In summary, the key points I have learned from this week’s reading are that sponsorship is separated into three distinct categories known as philanthropic, corporate, and marketing, that clear and concise proposals are key to securing sponsorship, that public relations practitioners must be wary of and anticipate ambush marketing, that sponsored events can be expensive but possess the potential to generate both positive publicity and to increase profits not only for the sponsoring company but also for the organizing body
Philanthropic sponsorship “is as close to a donation as sponsorship can get” as it is community based and its primary focus is to foster an image of good will in the eyes of the public rather than directly seeking “revenue-oriented results” (Johnston and Zawawi 2004). When a company offers support for an event or activity that is not typically associated with the business of that company this practice is called corporate sponsorship (Johnston and Zawawi 2004). The primary objective of corporate sponsorship is to simply benefit from mere association with an important event or activity. Marketing sponsorship works to generate “revenue-oriented results” and is achieved through offers of money and merchandise. Marketing sponsorship is the most popular and widely used form of sponsorship (Johnston and Zawawi 2004). Professional athletics provides great examples of this form of sponsorship where the most sought after athletes receive millions of dollars in endorsement deals every year. I have read of this form of sponsorship more times than I care to remember. What is troublesome is the possibility that athletes or other celebrities profit from advocating for a particular product and yet never use it themselves. In all honestly, how does one really know?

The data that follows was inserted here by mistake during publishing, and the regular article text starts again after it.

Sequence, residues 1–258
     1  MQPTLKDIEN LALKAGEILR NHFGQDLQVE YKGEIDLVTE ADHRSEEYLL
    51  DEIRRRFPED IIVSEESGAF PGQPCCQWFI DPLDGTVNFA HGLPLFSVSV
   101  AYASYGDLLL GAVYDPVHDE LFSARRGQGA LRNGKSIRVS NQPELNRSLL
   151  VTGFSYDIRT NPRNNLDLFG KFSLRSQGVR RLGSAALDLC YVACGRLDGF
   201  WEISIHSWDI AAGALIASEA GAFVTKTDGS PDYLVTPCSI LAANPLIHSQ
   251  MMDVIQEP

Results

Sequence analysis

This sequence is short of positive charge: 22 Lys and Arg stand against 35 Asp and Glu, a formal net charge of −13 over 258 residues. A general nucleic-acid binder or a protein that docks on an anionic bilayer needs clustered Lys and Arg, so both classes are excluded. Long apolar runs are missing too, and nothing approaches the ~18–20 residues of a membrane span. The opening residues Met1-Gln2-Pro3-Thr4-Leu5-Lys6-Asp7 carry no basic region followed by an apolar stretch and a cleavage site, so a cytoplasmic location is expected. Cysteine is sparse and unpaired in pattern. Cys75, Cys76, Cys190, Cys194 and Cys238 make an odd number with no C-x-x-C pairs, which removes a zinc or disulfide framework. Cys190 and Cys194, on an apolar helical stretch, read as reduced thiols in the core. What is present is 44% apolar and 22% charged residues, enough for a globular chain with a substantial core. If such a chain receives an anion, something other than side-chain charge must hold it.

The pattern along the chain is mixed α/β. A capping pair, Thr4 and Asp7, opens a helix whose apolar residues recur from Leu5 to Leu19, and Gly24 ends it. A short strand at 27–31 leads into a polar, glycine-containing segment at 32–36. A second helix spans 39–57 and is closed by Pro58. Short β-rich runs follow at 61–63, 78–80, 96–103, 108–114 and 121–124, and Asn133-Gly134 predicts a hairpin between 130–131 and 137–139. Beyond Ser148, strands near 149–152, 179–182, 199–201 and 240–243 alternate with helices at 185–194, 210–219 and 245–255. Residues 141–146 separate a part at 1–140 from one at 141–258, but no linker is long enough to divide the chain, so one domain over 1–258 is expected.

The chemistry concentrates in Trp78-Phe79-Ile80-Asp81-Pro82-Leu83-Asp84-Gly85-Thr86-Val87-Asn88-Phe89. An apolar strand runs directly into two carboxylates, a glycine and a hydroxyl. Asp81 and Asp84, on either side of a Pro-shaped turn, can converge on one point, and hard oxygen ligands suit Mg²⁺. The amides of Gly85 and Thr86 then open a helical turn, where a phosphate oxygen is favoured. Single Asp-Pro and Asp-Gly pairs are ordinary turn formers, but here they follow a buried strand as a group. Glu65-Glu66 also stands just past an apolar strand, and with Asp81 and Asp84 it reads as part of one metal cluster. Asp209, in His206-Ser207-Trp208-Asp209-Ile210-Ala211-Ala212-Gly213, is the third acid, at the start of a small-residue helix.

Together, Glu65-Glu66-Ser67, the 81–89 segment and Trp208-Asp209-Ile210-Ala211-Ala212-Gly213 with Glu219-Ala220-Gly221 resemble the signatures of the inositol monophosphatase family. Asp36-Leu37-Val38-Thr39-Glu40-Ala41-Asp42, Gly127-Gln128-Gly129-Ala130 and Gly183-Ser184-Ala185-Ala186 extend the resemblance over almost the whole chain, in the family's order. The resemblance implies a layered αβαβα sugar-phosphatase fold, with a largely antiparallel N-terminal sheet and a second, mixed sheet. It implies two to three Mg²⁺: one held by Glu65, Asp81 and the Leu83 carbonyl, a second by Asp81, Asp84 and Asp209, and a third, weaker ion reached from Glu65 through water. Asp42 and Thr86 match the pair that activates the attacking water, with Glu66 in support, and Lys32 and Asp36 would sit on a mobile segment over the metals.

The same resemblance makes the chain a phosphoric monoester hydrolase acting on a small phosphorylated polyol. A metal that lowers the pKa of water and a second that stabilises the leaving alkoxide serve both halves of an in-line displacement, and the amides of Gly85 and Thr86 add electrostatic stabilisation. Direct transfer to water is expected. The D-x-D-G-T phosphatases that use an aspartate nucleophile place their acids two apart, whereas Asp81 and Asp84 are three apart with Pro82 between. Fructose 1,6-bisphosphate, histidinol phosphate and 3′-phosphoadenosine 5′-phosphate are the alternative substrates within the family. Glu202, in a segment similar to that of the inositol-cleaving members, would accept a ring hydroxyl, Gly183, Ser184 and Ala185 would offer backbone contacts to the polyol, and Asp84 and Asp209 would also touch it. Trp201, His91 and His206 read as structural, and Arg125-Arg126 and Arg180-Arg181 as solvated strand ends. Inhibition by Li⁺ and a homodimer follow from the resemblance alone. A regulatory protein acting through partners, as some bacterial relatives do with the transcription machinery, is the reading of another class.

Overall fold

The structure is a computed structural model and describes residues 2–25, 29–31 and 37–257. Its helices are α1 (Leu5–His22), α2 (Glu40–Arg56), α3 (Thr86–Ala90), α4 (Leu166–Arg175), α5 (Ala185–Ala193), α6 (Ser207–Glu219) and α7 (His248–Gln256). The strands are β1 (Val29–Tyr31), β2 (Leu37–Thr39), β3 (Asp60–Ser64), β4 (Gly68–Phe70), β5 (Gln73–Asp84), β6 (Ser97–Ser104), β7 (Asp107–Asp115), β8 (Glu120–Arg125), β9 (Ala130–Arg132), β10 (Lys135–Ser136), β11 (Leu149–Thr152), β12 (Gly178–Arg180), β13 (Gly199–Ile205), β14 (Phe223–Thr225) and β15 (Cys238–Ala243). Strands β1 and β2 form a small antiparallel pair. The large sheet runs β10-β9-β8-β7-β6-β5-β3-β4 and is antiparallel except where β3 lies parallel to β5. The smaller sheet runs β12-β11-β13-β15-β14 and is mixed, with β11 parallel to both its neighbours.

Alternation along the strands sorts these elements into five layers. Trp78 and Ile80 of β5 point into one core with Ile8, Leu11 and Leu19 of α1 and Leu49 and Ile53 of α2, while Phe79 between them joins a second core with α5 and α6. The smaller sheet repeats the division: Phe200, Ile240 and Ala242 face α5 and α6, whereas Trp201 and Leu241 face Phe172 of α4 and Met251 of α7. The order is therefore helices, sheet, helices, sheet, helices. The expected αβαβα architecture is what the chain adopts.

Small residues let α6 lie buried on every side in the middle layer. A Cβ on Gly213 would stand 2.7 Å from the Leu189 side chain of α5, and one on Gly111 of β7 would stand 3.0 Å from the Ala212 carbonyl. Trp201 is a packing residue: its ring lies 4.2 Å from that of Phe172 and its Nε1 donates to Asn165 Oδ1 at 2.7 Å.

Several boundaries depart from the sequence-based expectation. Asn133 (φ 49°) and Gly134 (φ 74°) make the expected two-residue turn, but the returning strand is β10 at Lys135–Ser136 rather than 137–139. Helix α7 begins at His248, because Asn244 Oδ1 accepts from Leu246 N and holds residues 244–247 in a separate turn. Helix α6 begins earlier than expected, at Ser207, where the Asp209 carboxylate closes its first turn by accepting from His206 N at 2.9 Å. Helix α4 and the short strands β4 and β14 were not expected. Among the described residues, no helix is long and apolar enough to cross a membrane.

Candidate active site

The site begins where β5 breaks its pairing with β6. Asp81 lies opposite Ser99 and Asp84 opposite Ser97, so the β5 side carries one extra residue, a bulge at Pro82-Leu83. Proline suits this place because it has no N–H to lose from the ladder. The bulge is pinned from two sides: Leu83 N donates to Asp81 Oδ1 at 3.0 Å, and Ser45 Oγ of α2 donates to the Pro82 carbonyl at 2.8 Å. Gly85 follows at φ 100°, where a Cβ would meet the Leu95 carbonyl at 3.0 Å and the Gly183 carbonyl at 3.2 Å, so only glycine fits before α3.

Even before an event or activity can acquire sponsorship, a proposal must be written to the prospective sponsor detailing what rights and benefits they stand to gain and what goals the organizing body wishes to achieve. It is extremely important that such a proposal remains clear and concise and that its primary focus is to detail how the prospective sponsor will benefit from supporting a particular event, organization or individual.
The most common hindrance of sponsorship is ambush marketing. This occurs when a company represents itself as being associated with an event when in fact no previous agreement has been made between the company and the organizing committee for the event (Johnston and Zawawi 2004). The optimal approach in minimizing ambush marketing is to control all aspects of an event and to clearly define rights and benefits if there are multiple sponsors (Johnston and Zawawi 2004).
My learning builds upon previous learning about public relations in that with sponsorship as with any facet of a public relations campaign or program, success can only be found when a plan has been developed on the basis on certain goals and objectives and methods of reaching those goals and objectives have been established. Without a structured and goal-oriented, results-oriented proposal sponsorship will not come to fruition. Even if sponsorship is acquired, without careful planning an event could fail miserably.